Idiosyncratic enough? I haven't been blogging properly in like a decade, and I really miss this sometimes. So here goes.

This year my I signed up my son for school football. He's in his last year of middle school, and had never participated in sports before. He had a encounter with Taekwando years ago, which at that point was more of a daycare then a sport for him. They had all kinds of fun, including belt promotions and demonstrations, but he really struggled with instructions, discipline and so forth. Overall, it was deemed not worth it after almost a year, and our annual contract with the club quietly expired.

This year I desided that he's old enough to actually enjoy a team sport. He'd never been a part of a team outside of occasional group projects at school, and I was wondering if this whole football experience could brighten up he's social experiences, not that he has any problems socializing at school or otherwise.

So, I signed him up for football practice. My expectation and hope was that he will at least move a little after school on occasion, and I hoped that he'd get to run least a little, maybe learn how to throw a ball, perhaps, learn the rules of the game so that watching it would be more enjoyable for him. Remember, I had no clue what this school football is, and thought about it more as of general exercise than an actual playing experience. Boy was I wrong!

First shock was that he actually got a uniform. 3 sets, in fact: for training, for home games, and for away games. Then I discovered that they practice every day, not, like, once or twice a week, as I thought previously. And on top of that, they actually play against other schools, every week, starting with the second week of practice! Say what now?!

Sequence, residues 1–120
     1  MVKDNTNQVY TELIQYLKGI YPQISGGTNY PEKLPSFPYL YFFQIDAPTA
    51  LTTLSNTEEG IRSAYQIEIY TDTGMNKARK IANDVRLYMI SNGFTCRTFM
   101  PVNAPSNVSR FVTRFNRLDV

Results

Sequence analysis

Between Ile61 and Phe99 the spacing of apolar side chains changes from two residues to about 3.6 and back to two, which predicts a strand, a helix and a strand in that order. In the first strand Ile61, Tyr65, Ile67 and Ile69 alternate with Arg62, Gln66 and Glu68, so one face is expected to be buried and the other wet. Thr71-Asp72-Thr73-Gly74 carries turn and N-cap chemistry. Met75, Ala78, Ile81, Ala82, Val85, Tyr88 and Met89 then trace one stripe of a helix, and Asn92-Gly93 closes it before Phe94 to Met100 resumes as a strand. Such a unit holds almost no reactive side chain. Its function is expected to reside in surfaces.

And so my very never-played-sports-before son is now a football player. He knows his position, know the routes, can actually run them, can catch a ball. He doesn't really play that much during games against other schools — 5-10 plays tops, but he gets to go on the field, face the opposing team, do the whole routine. And I find it extremely cool! I've been to every game he had so far, and some of them were so heated, close, and exciting!

Some random observations

When a player gets injured, whether he's from your team or not, every other player on the field takes a knee and waits for the situation to resolve. During this season, I've seen this happen three times; none of them were actual injuries, but the whole routine still impressed me nonetheless.

As a side note, it's a contact sport, and as with any sport, there's always a chance of being hit or fall or twist your ankle; with this being said, it looks like safety is one of the top concern for the coaches and the officials, and the kids are trained to keep other's safety in mind as well

Team building is a big deal.

Losing on a play, fumbling a ball, throwing an interception — and immediately moving on to the next play. No fuming, no regrets, no time for that, next play! This is kinda cool, really. Same goes for games lost: yes, it's an "L", go home, do your homework, spend time with your family, see you tomorrow at practice.

Homework, yes. There's a grade check process in place. If you get below a certain threshold, you are suspend form participation in games (you still can go to practice, though). Vlad did fall below this threshold for a week, and missed a game. He got super motivated to get back in the game and spend that whole week making up for things he failed in class, make-up tests, working on big projects and such.

All in all, I think signing him up for football practice was one of the best desicions we made as parents. Not only did he met new friends, had this team experience, ran around quite a bit, learned how to catch a ball, and played some pretty real football games, he also discovered new things about himself as a person and got some extra motivation at school.

And the funniest part is that 10 years ago we didn't know football existed, and it's only been 4 years since we watched a game for the first time :)